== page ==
Assigned Airplanes

Please, why aren’t crews (at least captains) assigned and “given” an airplane to command and take all over the world or wherever his company might want him to go?

This way, the captain would KNOW his airplane, he would KNOW when the last time the windshield wipers were changed, he would know the grease situation and maintenance situation of the jack screw on a plane with a tail stabilizer, he would know everything about it, much like anyone knows about their car’s maintenance situation.

I don’t see how this wouldn’t be more SAFER and efficient for the industry as a whole.

Ideally, a whole crew would stay with a plane for as long as the plane is in service.

Dark (?),

Safer? Debatable but DEFINITELY not more efficient. In fact it would be anything but. Airplanes fly everyday, pilots do not. Should the plane remain parked for days or weeks while a pilot is off or on days off? Should it be parked if I get sick and the flights cancelled? Right now I’m in BNE. We flew in last night but I’ll be here for 4 days. That plane I brought in was actually turned and flew back to HNL a few hours after. It will continue to fly AND GENERATE REVENUE for the next 4 days while I’m playing with koalas and eating meat pies. When it’s time for me to leave the flight that was brought in hours before will fly me, my crew and passengers safely home just fine. As for the “knowing” my plane that’s why we’re trained to fly a specific “type” not a single aircraft. For the particulars as far as maintenance (wipers changed, grease, jack screw etc) all that information is readily available and REQUIRED to be reviewed by the pilots in the maintenance log. Honestly if I flew the exact aircraft each flight I doubt I’d know anymore than I do now.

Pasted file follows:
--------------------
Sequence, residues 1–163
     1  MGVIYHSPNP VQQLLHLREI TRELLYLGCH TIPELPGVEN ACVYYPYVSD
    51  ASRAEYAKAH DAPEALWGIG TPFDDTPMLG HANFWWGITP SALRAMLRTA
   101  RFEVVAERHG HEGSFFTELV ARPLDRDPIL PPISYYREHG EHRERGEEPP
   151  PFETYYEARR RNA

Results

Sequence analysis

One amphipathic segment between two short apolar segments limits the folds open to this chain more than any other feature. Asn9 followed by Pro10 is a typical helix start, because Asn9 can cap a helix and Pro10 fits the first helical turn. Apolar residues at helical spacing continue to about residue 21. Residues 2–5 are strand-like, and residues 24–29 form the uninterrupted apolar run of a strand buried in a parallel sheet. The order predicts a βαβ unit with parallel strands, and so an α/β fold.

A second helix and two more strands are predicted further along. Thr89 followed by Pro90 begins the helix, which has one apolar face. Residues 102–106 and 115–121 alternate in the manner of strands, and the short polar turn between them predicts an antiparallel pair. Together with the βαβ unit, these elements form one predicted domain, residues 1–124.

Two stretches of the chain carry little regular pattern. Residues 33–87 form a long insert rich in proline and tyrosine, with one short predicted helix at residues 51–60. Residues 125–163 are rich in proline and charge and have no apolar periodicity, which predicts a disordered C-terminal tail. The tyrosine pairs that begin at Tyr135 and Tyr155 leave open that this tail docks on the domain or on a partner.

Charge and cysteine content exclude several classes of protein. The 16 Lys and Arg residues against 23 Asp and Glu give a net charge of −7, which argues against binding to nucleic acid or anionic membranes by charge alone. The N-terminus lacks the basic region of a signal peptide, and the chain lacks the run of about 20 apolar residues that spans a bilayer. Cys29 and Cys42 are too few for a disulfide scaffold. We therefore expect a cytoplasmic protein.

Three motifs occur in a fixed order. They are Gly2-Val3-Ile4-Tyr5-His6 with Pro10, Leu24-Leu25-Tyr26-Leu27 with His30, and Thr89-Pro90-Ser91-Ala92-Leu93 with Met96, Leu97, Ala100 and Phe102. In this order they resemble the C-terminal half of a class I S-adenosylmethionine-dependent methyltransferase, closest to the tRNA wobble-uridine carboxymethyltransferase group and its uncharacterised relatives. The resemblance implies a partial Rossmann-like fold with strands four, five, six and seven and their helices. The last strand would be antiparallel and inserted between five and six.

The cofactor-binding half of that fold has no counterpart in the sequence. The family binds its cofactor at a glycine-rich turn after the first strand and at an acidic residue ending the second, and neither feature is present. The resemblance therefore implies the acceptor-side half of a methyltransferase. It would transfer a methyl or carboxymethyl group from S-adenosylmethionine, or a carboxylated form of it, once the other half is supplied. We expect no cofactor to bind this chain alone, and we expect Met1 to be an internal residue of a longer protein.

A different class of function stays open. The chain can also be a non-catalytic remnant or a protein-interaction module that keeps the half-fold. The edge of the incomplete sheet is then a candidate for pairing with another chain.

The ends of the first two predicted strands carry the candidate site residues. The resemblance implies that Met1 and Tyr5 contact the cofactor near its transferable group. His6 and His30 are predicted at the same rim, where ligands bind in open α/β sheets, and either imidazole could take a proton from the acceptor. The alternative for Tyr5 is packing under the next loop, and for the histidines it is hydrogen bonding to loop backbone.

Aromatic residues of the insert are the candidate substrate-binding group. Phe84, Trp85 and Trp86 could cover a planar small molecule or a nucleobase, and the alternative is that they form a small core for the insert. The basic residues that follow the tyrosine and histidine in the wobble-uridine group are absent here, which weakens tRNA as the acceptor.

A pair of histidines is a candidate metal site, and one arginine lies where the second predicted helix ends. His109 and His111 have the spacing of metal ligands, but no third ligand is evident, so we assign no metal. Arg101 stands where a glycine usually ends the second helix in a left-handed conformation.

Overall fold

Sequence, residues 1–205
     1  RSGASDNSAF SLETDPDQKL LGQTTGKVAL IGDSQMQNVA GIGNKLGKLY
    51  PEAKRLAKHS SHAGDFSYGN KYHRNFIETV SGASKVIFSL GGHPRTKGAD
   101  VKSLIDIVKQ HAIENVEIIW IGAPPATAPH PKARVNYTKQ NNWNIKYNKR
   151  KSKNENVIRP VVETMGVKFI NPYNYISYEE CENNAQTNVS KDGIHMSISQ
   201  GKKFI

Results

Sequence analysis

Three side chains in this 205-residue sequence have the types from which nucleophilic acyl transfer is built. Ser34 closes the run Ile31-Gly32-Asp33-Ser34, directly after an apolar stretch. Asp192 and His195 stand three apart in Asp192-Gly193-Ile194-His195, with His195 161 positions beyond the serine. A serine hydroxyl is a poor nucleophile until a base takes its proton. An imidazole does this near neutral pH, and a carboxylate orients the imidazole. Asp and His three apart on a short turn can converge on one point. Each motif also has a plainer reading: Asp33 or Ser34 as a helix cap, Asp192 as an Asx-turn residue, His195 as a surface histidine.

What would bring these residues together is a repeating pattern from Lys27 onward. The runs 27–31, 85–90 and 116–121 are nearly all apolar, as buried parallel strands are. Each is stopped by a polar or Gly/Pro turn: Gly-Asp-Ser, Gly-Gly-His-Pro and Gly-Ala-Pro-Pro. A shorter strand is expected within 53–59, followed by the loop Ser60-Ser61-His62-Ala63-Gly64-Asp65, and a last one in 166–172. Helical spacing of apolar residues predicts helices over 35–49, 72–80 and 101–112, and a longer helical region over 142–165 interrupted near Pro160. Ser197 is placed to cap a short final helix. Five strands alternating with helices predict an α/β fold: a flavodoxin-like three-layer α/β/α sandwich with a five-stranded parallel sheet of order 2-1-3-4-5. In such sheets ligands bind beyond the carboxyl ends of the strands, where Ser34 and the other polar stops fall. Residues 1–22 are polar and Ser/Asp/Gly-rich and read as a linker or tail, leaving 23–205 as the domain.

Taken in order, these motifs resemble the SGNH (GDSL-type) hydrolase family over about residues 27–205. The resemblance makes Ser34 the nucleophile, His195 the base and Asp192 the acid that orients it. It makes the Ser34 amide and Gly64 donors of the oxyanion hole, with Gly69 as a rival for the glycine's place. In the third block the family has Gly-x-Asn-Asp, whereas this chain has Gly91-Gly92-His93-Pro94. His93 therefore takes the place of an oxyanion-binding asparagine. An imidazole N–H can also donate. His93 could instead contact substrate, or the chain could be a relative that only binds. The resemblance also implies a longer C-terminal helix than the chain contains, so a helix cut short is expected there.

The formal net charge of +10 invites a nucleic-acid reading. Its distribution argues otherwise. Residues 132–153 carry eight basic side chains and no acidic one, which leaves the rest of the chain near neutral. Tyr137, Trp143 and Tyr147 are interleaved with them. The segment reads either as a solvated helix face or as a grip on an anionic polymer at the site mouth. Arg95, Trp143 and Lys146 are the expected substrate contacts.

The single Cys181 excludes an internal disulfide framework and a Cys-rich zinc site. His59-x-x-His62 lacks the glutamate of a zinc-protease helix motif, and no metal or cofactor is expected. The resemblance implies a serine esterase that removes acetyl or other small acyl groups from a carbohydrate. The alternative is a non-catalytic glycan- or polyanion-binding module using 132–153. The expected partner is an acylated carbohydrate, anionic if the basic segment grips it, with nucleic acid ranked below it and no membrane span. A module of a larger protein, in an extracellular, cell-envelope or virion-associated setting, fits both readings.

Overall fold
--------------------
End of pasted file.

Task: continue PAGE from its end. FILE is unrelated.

So jealous. I want another one of the authentic Aussie meat pies :joy::sob:

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You should be! :slight_smile:



In a sense, Captain’s and First Officer’s are given a certain aircraft. Though it’s not a specific registration they’re assigned to, it’s a specific aircraft type. For instance, an MD-80 Captain cannot fly a 767 without training through their respective airline. This training translates to something called a “type rating”, which is basically your certification to operate a certain aircraft type.

Furthermore, in an airline of nearly 15,000 pilots (American Airlines), it would be impossible for every crew to have their own aircraft. AA has approximately 1,000 aircraft in their fleet, so you can imagine how many additional aircraft they would need to acquire to support their pilots getting their own plane.



Just to add on, in training, you are not assigned the exact same Cessna every time, but you know how to fly it. Sure the Cessna aircraft complexity cannot compare to the A330 Adam flies, but I don’t think I’d know anything more about my Cessna if I was only assigned one.